https://www.youtube....h?v=BAjMO3Zu88s

Thanks for your help, i will continue the quest after I've picked up my daughter from school.

 

As for me knowing 'more about electrics than i let on' ....well, as they say a little knowledge is dangerous !

My knowledge items from  schoolboy and being taught how to wire a 3 pin plug. other than that it was fitting radio cassettes etc in to old 70's and 80's cars. (loads of crimping and insulation tape!)

 

The barrel didn't show any signs of a short in each position by the way..



#14
Roger

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Unfortunately the term bump start is used generically.

 

You appear to know more about electrics than you let on.

 

If you are certain there is no short circuit in the wiring or you could disconnect the switch feed wire to the solenoid you could do as you describe. It is normally the high amp feed to the starter that is used to provide the 12 V but you can use the battery connection which ever is easier. Only do a touch contact as you want to be able to release quickly.

 

If you don't at least hear the solenoid click. You could have a faulty solenoid.

 

Found this video you can do the same insitue.

 

https://www.youtube....h?v=BAjMO3Zu88s

To me a "bump start" is pushing or towing the vehicle with it in second gear, with the clutch depressed and then releasing the clutch at say 5/10MPH to allow the car start, then depress the clutch again to regain control ! wink.png


My Stepway ? I'm lovin' it !! :D  :D 


#15
Daedalus

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You are not supposed to do that with cars with catalytic convertors as you risk of unburnt fuel poisoning the cat.

 

People do say bump start when they mean jump start and vice versa. I'm not sure what the term is for hot wiring the starter solenoid may be just that.



#16
Rostyle65

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He definitely bump started as he got some others to help push the car.

#17
Roger

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You are not supposed to do that with cars with catalytic convertors as you risk of unburnt fuel poisoning the cat.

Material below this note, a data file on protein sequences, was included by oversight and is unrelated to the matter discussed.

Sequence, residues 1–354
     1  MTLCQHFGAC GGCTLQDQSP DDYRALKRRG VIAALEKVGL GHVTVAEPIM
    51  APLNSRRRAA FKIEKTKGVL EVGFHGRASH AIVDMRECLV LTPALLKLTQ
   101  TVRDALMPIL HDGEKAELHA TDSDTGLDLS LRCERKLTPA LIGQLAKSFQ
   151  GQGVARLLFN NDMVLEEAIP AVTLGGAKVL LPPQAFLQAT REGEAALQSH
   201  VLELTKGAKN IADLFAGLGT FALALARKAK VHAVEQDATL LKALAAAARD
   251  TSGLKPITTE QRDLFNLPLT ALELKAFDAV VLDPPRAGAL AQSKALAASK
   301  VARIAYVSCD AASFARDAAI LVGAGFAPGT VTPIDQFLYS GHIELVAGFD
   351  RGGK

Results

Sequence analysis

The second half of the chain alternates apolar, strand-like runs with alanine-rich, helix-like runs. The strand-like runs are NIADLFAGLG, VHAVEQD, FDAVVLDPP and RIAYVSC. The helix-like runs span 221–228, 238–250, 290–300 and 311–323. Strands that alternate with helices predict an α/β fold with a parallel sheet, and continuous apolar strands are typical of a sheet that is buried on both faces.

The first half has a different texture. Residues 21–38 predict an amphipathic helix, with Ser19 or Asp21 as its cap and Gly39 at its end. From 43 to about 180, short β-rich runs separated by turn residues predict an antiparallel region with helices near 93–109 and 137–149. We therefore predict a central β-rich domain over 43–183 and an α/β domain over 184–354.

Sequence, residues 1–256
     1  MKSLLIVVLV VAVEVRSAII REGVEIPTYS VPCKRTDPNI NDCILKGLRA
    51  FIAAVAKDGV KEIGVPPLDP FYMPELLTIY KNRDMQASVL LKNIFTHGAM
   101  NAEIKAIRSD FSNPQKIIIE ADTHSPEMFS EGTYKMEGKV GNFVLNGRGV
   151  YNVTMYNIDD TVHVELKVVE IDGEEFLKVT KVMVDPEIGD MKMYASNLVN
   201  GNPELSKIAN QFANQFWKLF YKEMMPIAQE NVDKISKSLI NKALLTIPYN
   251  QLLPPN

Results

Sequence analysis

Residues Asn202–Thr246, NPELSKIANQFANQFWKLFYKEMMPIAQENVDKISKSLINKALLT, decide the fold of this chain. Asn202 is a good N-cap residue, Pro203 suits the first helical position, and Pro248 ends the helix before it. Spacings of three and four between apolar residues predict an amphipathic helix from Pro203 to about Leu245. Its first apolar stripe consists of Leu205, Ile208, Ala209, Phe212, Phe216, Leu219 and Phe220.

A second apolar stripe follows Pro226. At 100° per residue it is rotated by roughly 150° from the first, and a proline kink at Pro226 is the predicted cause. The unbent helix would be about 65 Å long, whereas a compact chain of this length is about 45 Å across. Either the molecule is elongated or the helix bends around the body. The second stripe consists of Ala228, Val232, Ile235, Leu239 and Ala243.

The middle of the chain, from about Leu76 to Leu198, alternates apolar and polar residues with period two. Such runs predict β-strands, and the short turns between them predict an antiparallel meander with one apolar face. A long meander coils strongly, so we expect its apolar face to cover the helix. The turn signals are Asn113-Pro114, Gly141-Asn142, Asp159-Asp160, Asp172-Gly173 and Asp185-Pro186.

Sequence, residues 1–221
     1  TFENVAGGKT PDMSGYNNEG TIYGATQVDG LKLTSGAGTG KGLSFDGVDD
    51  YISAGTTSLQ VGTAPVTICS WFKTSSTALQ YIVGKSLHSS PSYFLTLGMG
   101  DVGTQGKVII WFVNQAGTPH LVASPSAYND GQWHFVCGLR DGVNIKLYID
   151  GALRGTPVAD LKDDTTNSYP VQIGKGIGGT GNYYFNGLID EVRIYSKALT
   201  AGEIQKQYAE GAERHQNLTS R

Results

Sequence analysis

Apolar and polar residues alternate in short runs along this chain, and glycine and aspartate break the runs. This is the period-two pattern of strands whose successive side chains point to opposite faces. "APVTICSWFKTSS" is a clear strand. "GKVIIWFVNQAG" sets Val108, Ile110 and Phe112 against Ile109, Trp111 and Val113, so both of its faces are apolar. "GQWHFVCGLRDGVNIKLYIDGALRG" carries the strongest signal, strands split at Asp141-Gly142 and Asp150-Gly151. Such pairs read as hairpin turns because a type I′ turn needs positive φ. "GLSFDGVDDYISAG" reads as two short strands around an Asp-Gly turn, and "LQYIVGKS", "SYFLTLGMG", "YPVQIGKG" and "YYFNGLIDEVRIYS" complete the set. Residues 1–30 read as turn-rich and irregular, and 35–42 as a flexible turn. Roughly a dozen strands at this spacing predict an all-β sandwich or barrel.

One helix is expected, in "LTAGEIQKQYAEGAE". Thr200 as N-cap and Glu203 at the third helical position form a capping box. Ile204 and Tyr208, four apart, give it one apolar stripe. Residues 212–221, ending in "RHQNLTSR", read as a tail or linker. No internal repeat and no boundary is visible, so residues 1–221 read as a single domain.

People do say bump start when they mean jump start and vice versa. I'm not sure what the term is for hot wiring the starter solenoid may be just that.

I'm not recommending doing it, it is my understanding of a "bump start".

Connecting the two car batteries together via a donor car is my understanding of a "jump start", hence jump leads ! wink.png


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#18
Daedalus

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I would have thought he would have tried the solenoid first. How accessible is the starter motor? Or maybe he did not want to do that if he thought there was a short in the wiring.

 

Coils usually go open circuit rather than completely short circuit. I would disconnect the switch connection on the solenoid and meter the solenoid and if there is no direct short try the hot wire.



#19
JLB

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Do you have any more info or link to the recall? I have tried looking online but can’t find anything relating to this year/ model..

 

Here in France, Dacia is recalling Sanderos built between 1st September 2017 and 19 October 2018 for faulty ignition switches. This is from this month's issue of the French equivalent of 'Which' magazine, so not just hearsay. Might be worth pursuing with your dealer or Dacia UK. Check your build date.


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#20
Rostyle65

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I can’t even see the starter motor! Unfortunately not having a garage and it hammering with rain, it may have to wait!
I must be getting old...

Will try the dealer re recall on ignition switch

Just out of curiosity how would the cat be damaged by bump starting..?
Surely the engine is being turned over with ignition on would be the same as the starter cranking the flywheel..? Just a different method?